Distance is wide between D.A.’s candidates
To District Attorney Mark Hurlbert, his 10 years of experience as a prosecutor in the mountains should help people make up their minds and vote for him in November. But Bruce Brown, a defense attorney from Clear Creek County who is challenging the incumbent prosecutor for the Fifth Judicial District Attorney’s seat, said he’s running because he believes there’s a need for improvement. “It’s about experience in prosecuting and in the district,” Hurlbert said during a debate with Brown on local attorney Rohn Robbins’ radio program, “Community Focus,” which airs tonight. “I have been here for 25 years. I have seen the way that Eagle, Summit, Clear Creek and Lake counties have changed. I’ve been a part of the community,” said Hurlbert, a 35-year-old Republican from Breckenridge who is leading the rape prosecution of L.A. Lakers guard Kobe Bryant, among other cases. Brown, 41, is a Democrat who has been a defense attorney for 18 years and has a practice in Lakewood. He told Robbins high turnover in the District Attorney’s Office is one of his concerns.
“I don’t have political ambition. My primary role as a district attorney would be to get solid attorneys for each office and train them,” Brown said. Cash for crime fightersSalaries in the district are paid from a pool of money from the four counties in the Fifth Judicial District – Eagle, Summit, Clear Creek and Lake counties, which have a population of about 82,000 people.”We need to raise salaries for the deputy district attorneys and that’s a job for the county commissioners,” Brown said.
Gov. Bill Owens appointed Hurlbert in December 2002 to replace former District Attorney Mike Goodbee, a Democrat who left the district to work for State Attorney General Ken Salazar. By the time Hurlbert took office, several prosecutors had already left his Eagle office, leaving him with the task of organizing a new team.”Mike left the office in kind of a mess,” said Hurlbert, who manages 10 district attorneys throughout the district. “There were positions open and some opened up after I took office. There was this turmoil going on, but since I took over the office I have settled a lot of it down. “Attracting people here isn’t a problem,” Hurlbert added. “The trick is getting people who are willing to stay. Although starting salaries aren’t high, we bumped them up pretty quickly. We also offer a pretty flexible schedule when possible.”Going to courtThe candidates also disagreed over how to deal with budget deficits. Brown said he would look at conserving resources by being selective on what cases to prosecute.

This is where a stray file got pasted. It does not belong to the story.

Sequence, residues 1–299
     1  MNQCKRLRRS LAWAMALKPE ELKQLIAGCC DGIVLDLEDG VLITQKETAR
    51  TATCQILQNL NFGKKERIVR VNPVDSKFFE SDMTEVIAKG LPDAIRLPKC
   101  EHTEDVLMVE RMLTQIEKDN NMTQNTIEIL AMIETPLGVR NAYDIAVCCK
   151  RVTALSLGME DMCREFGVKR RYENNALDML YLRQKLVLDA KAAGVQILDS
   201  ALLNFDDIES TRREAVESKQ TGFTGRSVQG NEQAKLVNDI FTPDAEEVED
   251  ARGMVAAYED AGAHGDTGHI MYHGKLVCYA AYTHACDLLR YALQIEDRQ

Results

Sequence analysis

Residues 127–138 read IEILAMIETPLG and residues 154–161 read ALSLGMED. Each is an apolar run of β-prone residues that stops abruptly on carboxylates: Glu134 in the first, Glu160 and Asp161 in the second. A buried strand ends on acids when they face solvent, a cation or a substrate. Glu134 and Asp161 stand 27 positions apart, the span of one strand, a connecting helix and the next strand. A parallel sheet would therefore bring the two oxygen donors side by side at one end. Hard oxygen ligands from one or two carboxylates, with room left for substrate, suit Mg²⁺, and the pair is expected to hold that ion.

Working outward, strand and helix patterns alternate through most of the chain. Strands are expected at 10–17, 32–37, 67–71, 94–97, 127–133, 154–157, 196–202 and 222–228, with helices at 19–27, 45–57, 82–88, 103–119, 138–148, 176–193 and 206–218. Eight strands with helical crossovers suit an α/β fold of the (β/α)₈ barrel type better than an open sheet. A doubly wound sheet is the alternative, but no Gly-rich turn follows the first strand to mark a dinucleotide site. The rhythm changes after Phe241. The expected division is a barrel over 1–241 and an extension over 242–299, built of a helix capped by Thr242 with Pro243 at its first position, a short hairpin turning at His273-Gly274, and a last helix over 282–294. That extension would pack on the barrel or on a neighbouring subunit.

“Maybe we won’t be able to prosecute every minor case,” he said. “But I would never waive filing charges in DUI cases and issues involving domestic violence. Those cases may start out minor, but very quickly escalate to major.”Hurlbert said that might result in a less aggressive prosecutor’s office. “I’m concerned he wouldn’t prosecute all cases that are prosecutable,” Hurlbert said. “The DA has to prosecute the cases that are prosecutable.”Where the office could save money is in dealing with sexual assault cases, Hurlbert added.”They are highly technical and take a lot of time,” he said.
To curb costs, starting this fall Hurlbert will have one prosecutor handling all sexual assault cases. And if he had any extra money, Hurlbert said salaries for lawyers and administrative employees at his office would be his No. 1 priority.”Salaries not only for the attorneys but for the staff – and more training,” he said. “It would be great if everyone could have a specialty.”But Brown said extra money should got to the courts, which have been operating with a limited budget.”Also, victim services could get more resources,” he said. Veronica Whitney can be reached at 949-0555, ext. 454 or at firstname.lastname@example.org.